7. Dangle my feet off the side of the hay ride wagon at the apple farm while munching ginger golds with my darlings.
8. Reading ‘Twas The Night before Christmas’ to my girls sitting on the couch next to me under the twinkling lights from the tree.
9. Watch a heady sci-fi film with my girls and explain the finer plot points when they ask.
10. Place my hand on my wife’s hip as she sleeps.
11. Watch a Yankee game with my dad over Skype.
12. Carrying the extra twenty-pound bag of Halloween candy while my daughter skips up the next driveway in her Disney princess costume (in the rain).
13. Watch my girls perform the ridiculous dance they choreographed the past 2 hours.
And then when I die, I will die a happy man.
The Loudest Season
Boots trail along the frosty pavement, loud in the early morning. The boy smiles sadly from under his bandanna. Out with the bag, the cans of spray paint. There’s a message to be shared and only he knows it.
Sweat trickles down his back, freezing to his shirt as the temperature continues to plummet. Colors on colors, desperate streaks against frozen brick and mortar.
Hours pass, the sun inching above the dark city. Paranoia is a fickle thing, the boy thinks, pressing himself behind a dumpster as a suit walks by, smart hair and glossy shoes. No project had taken this long, none of this gravity. He couldn’t afford to get caught.
Winter is the loudest season. Everything is dead, leaving the living even more vulnerable. Painstakingly, painstakingly he works, trampling brown leaves and cigarette butts.
He hums, oh so quietly, a song he had heard on the radio. What was it the Other had said? How the world would end? He found he could no longer remember the encounter, only the need to spread his gloomy message the way he knew best. That is, destroying public property.
The sun smiles at him, knowing his message is futile. She casts her light on it anyway. He steps back, air trailing into the sky. Frozen, painted fingers rummages through his bag and slaps a piece of paper on the wet paint.
He ducks out of the alley, pulling his hood firmly over his brightly colored hair. One street artist and seven days to save the world. He laughs, “Well, isn’t that something?” The druggies huddled on the cement ignore him. He tosses a couple bills at their feet. Not that it would really matter. But he supposed it would be better to die high as the sun, than sober.
Behind him, the mural leers over downtown. Seven days, it proclaims. How paint on walls would stop apocalypse, he didn’t know. But he knows that the Other does, so he strolls toward his next target. A blank canvas, ready to scream doomsday.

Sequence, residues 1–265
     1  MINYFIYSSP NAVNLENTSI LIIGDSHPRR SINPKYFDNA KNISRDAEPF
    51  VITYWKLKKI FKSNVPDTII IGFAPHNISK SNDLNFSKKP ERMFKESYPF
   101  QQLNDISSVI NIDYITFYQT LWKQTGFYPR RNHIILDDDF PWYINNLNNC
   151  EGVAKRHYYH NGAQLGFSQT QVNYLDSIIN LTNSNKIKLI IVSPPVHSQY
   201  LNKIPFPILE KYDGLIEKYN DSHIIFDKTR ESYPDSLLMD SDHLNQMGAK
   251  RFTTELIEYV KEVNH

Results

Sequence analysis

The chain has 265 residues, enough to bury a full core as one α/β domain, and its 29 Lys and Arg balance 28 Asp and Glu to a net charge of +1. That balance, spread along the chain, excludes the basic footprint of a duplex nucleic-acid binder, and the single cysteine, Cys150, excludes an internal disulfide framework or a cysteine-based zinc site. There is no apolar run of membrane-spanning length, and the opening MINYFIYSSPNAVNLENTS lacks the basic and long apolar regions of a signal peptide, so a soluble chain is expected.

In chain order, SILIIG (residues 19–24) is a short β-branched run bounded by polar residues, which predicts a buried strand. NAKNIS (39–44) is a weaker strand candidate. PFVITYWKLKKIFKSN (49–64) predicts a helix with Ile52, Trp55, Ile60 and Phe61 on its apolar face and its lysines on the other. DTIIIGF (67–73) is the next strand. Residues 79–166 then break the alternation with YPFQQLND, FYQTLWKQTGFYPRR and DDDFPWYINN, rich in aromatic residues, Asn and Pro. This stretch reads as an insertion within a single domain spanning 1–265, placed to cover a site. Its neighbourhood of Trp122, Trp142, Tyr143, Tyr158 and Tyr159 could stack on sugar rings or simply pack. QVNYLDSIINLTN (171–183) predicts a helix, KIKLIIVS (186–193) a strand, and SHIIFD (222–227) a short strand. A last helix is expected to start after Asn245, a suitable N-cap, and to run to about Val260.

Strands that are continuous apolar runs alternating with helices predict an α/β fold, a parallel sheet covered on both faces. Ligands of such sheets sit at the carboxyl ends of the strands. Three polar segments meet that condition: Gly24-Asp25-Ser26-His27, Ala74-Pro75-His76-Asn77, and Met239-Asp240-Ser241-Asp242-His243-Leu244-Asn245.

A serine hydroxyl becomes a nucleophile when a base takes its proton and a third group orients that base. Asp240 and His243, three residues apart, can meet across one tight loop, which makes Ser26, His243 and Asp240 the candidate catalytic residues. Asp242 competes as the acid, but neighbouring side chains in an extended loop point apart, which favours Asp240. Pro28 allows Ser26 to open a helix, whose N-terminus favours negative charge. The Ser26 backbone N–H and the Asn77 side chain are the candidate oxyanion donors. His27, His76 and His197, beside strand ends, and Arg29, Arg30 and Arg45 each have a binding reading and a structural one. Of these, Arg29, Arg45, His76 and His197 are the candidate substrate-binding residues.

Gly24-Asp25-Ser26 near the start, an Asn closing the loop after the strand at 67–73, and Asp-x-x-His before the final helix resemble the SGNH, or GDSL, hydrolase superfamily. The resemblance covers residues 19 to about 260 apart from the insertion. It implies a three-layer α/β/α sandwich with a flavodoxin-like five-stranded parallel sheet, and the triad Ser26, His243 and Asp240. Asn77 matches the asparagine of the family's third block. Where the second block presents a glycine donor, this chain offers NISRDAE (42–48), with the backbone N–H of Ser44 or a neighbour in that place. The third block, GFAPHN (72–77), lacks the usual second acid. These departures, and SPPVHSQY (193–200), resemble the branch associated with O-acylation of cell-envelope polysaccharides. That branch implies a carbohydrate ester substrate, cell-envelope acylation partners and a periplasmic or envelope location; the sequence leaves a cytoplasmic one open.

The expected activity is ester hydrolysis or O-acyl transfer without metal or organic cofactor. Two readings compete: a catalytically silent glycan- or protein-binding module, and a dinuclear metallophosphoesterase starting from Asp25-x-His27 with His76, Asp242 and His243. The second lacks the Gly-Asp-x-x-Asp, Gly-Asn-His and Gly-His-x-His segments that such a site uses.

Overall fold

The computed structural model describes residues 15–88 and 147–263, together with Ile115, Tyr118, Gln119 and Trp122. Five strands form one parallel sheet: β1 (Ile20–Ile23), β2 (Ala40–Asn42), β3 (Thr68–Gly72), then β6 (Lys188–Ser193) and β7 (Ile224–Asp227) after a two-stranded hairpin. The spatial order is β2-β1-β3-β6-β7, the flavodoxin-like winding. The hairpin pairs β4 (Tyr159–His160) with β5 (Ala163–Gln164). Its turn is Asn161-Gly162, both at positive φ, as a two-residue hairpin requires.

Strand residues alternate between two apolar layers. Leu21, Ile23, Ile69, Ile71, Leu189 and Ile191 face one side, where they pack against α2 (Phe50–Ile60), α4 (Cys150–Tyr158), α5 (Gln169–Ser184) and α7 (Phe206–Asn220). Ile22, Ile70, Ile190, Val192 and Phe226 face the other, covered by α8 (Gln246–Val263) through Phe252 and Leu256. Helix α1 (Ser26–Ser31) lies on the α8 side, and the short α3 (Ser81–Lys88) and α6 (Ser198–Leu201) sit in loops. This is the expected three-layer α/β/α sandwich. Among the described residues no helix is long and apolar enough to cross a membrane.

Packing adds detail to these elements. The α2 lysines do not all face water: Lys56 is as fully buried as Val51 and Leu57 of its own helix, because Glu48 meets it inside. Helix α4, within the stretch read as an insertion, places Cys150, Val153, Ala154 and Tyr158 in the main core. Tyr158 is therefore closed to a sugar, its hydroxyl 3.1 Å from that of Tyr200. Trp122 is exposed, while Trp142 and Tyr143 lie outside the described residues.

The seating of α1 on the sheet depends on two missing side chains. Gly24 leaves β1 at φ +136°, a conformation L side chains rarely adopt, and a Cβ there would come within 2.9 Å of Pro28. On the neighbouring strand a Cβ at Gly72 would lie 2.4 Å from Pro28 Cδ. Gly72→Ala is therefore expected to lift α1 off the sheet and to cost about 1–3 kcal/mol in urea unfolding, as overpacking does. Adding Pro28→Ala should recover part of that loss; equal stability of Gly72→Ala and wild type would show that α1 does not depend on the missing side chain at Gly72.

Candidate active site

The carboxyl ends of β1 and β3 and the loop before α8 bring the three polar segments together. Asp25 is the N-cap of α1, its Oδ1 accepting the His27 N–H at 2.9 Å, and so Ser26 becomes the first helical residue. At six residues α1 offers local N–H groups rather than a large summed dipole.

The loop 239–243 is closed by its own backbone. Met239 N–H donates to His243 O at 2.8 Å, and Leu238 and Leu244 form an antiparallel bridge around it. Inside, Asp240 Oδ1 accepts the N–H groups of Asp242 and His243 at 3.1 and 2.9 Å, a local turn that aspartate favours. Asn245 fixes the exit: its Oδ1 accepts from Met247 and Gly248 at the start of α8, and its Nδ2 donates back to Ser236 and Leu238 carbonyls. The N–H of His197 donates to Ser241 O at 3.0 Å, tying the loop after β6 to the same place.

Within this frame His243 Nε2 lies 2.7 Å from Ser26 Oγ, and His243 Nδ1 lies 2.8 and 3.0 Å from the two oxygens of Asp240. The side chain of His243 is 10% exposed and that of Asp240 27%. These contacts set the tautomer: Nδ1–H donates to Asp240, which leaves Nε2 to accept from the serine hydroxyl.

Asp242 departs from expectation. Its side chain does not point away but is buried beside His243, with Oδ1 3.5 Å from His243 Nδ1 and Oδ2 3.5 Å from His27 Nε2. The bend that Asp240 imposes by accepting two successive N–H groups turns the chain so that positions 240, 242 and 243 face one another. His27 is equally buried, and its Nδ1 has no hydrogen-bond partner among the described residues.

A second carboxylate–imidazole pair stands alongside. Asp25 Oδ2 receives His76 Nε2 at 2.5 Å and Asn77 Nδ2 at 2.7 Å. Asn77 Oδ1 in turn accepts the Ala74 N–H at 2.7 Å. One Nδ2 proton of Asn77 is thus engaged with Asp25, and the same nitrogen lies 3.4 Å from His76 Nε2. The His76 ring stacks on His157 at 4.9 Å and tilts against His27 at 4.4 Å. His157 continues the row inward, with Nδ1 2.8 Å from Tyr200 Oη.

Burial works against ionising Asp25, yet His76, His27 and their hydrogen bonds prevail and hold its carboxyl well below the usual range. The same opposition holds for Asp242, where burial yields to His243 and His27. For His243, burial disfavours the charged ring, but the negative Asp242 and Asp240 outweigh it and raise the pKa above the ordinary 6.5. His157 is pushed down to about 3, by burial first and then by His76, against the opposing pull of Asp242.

Far above him, the sun laughs, watching the humans scurry around, living their precariously fragile lives. She leans down, observing the boy’s murals. What will happen? The sun thinks, When the Other needs him to take the next step? It’ll be a spectacle, for sure.
I felt a sharp pain coming from my cheek. Why could she not just say something instead of always using her fists, or hands.
She shook her head & pointed at the table. My eyes widened.
I pushed the chair back and moved away from the table. She smiled.
‘‘Are you going to let me know what you’ve discovered?’’
Why was she like this? Uh. All I wanted was to get back to my home sweet home.
She snapped her fingers. Two of her men pushed me back down to take a seat.
I sighed. They say seven is a lucky number. But in my case~ it wasn’t! The moment that the dice landed on the table, I was certain that whatever number it was going to be would determine how many days we had left to live.
At least that’s what I had been told by the person who handed me the dice. I wondered if he had pulled my leg, or if the dice really had the power to tell just that.
There was a knock at the door. Great. I guess more folks were coming in to join in the end of year party.
She told one of her guys to check the door. It was only the delivery guy. Her lunch order had arrived. I thought she had ordered food.
The box was placed near the dice. She opened it and pulled out a strange device. It looked like a radio.
She turned the knobs. All I heard was loud crackling sounds coming from the radio~like device.
‘‘Hey,’’ I tried to get her attention and let her know that I was now ready to talk.
She stopped to glare at me with a serious look as if she was ready to cut off my head. I gulped and cleared my throat.
’’Look. I don’t really know the guy that handed me the dice. All right. I only listened to what he told me at the last minute.
’’He said that the dice would be a way to prove that the world was coming to an end and exactly how many days would be left.
’’The other thing he mentioned before he vanished in a smoke-bomb. Yeah, I wondered whether he was some kind of ninja.
‘‘Anyway, he told the day that you would find me and the dice— would be it. I guessed he meant ‘it’ as in the end of the world- dun dun dun.’’